Wig ex­per­tise comes from ex­pe­ri­ence

Shop pro­vides per­sonal touch for peo­ple in need

Connecticut Post (Sunday) - - Sunday Business - By Chris Bosak

As a cancer sur­vivor, Danielle Izzo knows first­hand about the lo­gis­ti­cal dif­fi­cul­ties of see­ing doc­tors, get­ting treat­ments and con­tin­u­ing a reg­u­lar fam­ily and work life — all the while deal­ing with the emo­tions of the di­ag­no­sis.

Izzo, 38, is us­ing that per­sonal ex­pe­ri­ence to make one as­pect of the process eas­ier for oth­ers by launch­ing Danielle El­iz­a­beth Wigs. She started the busi­ness in Fe­bru­ary and opened her stu­dio at 409 Main St. in down­town Ridgefield on June 1.

“I wanted to cre­ate an em­pow­er­ing en­vi­ron­ment for peo­ple to come for hair pieces,” the Ridgefield res­i­dent said. “When you’re try­ing to sched­ule ap­point­ments with doc­tors and nurses and cancer cen­ters and fig­ur­ing out how to get there and get home, the last thing you need to do is hunt for a wig shop that may or may not be in your home­town.

“My mis­sion is to pro­vide a bet­ter ex­pe­ri­ence for peo­ple go­ing through chemo or los­ing their hair for other rea­sons,” Izzo said. “It’s per­sonal here be­cause it’s per­sonal for me. It’s a won­der­ful feel­ing to help peo­ple who have been look­ing ev­ery­where for this type of ser­vice.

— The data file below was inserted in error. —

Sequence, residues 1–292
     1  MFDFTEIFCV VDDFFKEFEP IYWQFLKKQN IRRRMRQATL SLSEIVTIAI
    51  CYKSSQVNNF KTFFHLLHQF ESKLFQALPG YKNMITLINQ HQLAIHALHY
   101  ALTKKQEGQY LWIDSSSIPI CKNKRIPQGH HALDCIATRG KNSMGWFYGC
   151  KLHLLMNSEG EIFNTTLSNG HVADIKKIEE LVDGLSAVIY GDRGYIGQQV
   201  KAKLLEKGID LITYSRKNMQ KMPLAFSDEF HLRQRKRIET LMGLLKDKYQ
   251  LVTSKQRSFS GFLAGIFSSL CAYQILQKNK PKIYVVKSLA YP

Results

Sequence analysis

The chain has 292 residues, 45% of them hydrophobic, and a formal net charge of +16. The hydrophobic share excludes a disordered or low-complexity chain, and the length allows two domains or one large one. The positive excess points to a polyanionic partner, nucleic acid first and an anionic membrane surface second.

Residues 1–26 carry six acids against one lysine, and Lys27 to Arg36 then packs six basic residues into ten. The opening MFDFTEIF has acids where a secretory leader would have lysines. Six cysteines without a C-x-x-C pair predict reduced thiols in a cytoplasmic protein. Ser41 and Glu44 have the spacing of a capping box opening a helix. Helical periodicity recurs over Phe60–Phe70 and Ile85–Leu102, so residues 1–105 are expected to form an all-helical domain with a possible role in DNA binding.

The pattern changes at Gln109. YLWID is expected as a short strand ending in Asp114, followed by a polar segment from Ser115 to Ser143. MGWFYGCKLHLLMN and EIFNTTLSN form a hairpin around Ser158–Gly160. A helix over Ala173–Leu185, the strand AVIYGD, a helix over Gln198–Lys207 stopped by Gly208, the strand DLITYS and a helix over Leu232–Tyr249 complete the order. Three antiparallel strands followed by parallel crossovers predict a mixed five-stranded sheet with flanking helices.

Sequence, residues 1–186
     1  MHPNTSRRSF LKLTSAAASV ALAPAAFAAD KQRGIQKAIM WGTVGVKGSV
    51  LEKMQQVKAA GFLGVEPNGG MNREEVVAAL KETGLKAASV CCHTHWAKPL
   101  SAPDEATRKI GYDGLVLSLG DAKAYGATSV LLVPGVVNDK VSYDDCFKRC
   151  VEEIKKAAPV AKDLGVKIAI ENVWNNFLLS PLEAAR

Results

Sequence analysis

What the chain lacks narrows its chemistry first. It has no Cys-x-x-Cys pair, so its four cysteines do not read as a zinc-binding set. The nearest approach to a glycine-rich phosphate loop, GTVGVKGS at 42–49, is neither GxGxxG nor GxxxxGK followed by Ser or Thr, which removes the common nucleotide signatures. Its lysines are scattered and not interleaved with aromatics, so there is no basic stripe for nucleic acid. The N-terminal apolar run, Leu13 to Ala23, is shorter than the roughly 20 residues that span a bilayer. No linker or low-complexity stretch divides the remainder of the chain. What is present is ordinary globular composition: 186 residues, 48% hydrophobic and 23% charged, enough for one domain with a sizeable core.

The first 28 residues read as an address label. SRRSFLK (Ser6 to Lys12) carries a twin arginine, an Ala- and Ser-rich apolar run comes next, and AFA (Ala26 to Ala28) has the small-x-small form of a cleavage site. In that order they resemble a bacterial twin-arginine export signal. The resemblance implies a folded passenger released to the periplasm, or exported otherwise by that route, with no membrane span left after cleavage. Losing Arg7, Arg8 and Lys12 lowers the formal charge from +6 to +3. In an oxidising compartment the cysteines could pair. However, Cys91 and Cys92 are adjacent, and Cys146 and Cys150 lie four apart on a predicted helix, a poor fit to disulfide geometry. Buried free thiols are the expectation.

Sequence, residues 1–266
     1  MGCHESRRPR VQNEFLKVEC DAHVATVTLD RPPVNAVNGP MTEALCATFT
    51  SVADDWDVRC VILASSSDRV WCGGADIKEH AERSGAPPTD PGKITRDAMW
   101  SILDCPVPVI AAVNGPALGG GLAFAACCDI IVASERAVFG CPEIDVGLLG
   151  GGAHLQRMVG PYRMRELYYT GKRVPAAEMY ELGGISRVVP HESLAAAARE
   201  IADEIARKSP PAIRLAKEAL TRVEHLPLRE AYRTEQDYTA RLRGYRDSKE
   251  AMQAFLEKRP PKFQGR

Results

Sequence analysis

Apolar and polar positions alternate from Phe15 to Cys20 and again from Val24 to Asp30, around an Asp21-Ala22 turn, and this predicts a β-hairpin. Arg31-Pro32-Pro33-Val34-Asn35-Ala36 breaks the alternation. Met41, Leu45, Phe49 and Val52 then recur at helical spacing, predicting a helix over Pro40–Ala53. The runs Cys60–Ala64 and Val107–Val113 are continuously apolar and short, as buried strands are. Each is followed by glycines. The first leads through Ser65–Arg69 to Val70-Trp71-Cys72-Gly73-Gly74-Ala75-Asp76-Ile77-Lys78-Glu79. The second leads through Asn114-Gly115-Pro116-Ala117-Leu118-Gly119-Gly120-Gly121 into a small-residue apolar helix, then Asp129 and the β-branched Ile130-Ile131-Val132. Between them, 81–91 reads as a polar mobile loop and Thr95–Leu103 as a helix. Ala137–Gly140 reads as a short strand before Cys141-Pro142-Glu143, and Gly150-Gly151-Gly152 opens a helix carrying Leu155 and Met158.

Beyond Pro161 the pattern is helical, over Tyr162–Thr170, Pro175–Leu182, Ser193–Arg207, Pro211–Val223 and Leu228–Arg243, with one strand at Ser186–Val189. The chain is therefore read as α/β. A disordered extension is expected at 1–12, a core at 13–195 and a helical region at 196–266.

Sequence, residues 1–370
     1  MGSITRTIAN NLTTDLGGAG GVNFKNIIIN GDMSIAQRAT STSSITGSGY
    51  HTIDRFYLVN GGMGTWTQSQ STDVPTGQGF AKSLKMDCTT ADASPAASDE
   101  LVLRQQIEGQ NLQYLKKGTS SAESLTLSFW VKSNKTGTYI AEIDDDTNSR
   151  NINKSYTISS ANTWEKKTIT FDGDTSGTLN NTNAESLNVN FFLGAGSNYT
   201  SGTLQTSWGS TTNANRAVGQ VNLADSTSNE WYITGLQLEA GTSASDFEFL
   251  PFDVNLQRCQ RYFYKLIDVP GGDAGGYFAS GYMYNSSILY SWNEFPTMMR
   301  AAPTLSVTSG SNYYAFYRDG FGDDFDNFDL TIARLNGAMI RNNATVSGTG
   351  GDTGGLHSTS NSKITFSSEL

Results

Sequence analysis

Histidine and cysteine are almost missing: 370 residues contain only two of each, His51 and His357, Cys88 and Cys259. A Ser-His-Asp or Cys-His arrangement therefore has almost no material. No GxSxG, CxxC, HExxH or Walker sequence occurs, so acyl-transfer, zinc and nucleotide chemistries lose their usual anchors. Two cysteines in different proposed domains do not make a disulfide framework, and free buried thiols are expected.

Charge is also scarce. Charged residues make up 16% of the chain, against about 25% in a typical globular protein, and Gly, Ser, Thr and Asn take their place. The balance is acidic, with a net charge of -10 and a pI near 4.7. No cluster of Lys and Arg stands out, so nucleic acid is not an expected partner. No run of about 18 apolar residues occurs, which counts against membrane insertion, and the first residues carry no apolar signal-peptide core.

To have them hug and thank me ... It’s a dif­fer­ent feel­ing here than in the shops I found when I was look­ing for a wig. This is some­thing near and dear to my heart.”

Get­ting the news

In fall 2016, Izzo started to feel symp­toms such as itch­i­ness, which even­tu­ally got so bad she couldn’t sleep at night. Doc­tors first thought it was a skin rash — even though there was no vis­i­ble signs of a rash — or an al­lergy.

It took un­til the sum­mer of 2017 for doc­tors to di­ag­nose her with Hodgkin’s lym­phoma, which had spread to the lymph nodes through­out her up­per torso. As they con­sid­ered treat­ment, doc­tors then found non- Hodgkin’s lym­phoma, which pre­sented it­self as a mass in her stom­ach area.

Non- Hodgkin’s was the more ag­gres­sive cancer, so doc­tors de­cided to treat that first with chemo­ther­apy, a treat­ment Izzo wel­comed as she strug­gled with the itch­ing and lack of sleep.

The treat­ments at Me­mo­rial Sloan Ket­ter­ing Cancer Cen­ter took care of both types of lym­phoma and Izzo is now cancer free.

Her hair is grow­ing back and is now about an inch long.

“It’s com­pletely un­man­age­able, but it’s get­ting there,” she said.

“So I wear a wig. I’m not ashamed. It’s be­come more of a fash­ion­able thing. Peo­ple go­ing through hair loss shouldn’t feel self- con­scious about wear­ing a wig. It’s so nat­u­ral look­ing. You don’t feel as if peo­ple are look­ing at you.”

Big wigs

IBIS­World, an in­dus­try and mar­ket re­search firm, said the wig and hair­piece in­dus­try is worth about $ 350 mil­lion and has grown quickly over the last five years as celebri­ties have embraced the use of wigs and the pop­u­la­tion ages. The firm ex­pects the trend to con­tinue over the next five years.

Izzo said an­other driver of the mar­ket is bet­ter screen­ings for cancer, which of­ten dis­cov­ers the dis­ease early and in a treat­able stage.